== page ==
The blindness is caused by a magical spell so, in your world, there could actually be absolutely nothing. But you will need to know exactly what the spell does, so that you understand the effects, even if you don't spell it (sorry) out to the reader.  So I then went on to wonder if you should be too concerned with degrees of blindness and recognition of the ways darkness is perceived within this section. I'd be more inclined to concentrate on the visceral aspect and the immediate experience. That's assuming this take on it will fit into your overall story.

                If there is more to write, it may be time, as Glyn suggested, to leave it alone for now, work on another chapter or part of the story and then go back to this bit. It's easy to get bogged down in a small part of the whole. When you return, you may well find that your subconscious mind will have sorted out how it should be. Happens to me all the time.

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                • Thanks for the reply. Most of your suggestions I'm already fixing now. This is the fourth draft and I need to just get this done and move on. 

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                • Blackness was all Avidius could detect when he opened his eyes. A dark void staring back at him, without so much as a glimmer of light. He blinked multiple times, but the blackness remained. Where am I? His eyes wandered in all directions, but the darkness gave up no discernible shapes. He could hear tree branches rustling in the breeze, smell wet grass, and feel a mossy turf beneath his palms where he lay. I’m outside. He drew a deep breath, his iron girded chest filling with moist, crisp air. And I’m alive... but why can’t I see! He sat up, waved his hands before his face. Nothing. He rubbed his eyes vigorously then clenched them shut before opening them again. Nothing. Then, like having the wind knocked out of him, the realisation hit him: I’m blind. It was a fate worse than death, the stuff of the worst nightmares of his youth.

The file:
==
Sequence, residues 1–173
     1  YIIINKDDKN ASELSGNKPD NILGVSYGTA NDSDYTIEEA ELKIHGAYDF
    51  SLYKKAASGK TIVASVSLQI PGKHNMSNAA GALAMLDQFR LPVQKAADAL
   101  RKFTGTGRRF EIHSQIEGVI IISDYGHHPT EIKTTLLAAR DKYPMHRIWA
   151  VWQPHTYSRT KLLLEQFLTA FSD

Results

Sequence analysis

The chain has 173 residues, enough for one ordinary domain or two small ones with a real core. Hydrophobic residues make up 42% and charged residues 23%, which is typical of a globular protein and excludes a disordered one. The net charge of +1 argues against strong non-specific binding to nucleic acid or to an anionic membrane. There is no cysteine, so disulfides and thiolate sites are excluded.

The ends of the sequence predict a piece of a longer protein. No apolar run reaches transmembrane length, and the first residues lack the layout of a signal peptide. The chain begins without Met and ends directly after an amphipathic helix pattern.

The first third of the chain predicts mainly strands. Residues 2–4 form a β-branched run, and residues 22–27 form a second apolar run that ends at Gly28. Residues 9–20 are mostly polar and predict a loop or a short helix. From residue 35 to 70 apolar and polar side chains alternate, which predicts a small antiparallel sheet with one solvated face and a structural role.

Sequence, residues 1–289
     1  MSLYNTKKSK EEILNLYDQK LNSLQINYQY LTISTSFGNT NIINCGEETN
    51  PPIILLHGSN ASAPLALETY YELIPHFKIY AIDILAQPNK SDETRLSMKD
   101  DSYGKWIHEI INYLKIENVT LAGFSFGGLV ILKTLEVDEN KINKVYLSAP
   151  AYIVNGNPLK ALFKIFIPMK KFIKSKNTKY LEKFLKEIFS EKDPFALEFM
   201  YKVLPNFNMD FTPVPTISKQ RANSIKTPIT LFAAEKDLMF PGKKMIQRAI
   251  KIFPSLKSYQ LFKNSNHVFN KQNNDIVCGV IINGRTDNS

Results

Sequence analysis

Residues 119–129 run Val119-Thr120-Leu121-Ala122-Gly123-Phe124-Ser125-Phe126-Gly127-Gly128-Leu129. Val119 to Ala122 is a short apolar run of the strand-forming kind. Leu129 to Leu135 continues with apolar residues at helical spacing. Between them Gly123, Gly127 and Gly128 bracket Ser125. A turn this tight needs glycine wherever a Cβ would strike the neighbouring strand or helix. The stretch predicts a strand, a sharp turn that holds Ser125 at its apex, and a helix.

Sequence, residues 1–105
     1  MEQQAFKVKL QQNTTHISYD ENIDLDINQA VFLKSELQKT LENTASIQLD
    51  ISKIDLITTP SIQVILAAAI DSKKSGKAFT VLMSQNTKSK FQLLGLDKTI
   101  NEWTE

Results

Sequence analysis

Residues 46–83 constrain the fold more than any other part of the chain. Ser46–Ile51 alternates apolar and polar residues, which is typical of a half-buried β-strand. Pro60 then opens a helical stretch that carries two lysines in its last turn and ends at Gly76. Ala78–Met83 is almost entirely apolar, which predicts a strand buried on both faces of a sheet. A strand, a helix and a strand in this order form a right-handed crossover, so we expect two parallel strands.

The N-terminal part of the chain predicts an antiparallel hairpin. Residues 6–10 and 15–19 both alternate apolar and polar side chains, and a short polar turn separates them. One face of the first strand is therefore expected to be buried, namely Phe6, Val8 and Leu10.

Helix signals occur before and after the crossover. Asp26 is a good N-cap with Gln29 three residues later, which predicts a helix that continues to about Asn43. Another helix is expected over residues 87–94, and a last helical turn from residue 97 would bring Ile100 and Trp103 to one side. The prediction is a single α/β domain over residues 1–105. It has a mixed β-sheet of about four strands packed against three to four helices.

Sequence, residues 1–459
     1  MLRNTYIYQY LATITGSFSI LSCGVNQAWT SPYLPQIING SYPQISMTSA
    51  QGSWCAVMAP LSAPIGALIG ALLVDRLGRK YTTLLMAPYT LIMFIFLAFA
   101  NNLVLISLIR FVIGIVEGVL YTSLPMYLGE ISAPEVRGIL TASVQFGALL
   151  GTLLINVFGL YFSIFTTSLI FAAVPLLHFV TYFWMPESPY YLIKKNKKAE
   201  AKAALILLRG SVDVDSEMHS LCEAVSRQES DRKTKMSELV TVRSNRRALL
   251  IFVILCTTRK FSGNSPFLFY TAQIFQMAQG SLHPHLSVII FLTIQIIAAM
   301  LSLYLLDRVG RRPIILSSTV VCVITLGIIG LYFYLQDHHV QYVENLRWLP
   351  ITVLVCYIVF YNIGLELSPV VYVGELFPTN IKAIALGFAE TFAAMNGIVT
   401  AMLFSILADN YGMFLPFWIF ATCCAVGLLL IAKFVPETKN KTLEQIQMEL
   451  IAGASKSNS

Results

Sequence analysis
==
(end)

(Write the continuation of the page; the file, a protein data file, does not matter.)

This is something like what I might do with it. I agree with Glyn about the eclipse - seems too much trouble than it's worth at that point. I actually like the 'could hear' etc., though, it emphasises the fact that his other senses (as opposed to his vision) are still working, and he's not dead or something the like. I'd leave the stuff about his mind scrambling for an explanation, that seems to jar with the suddenness and shock of his realisation just a little further on. Likewise, I'd shorten the end bit a little to make it snappier (you definitely don't need both 'often' and 'recurring'). I really like the description of the darkness though, the way it's not 'giving anything up', and personally, I also think the description of his surroundings (tree branches rustling, mossy turf beneath his palms) works very well.

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                  • Thanks. Your re-write is nearly like the one I just finished. I never realized how difficult it is to write for someone who's blind. 

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                    • I think writing pretty much anything one doesn't have any first-hand experience of is difficult. Or rather, getting it right is. Having said that, I found your paragraph quite intriguing - I wouldn't mind reading that book! :)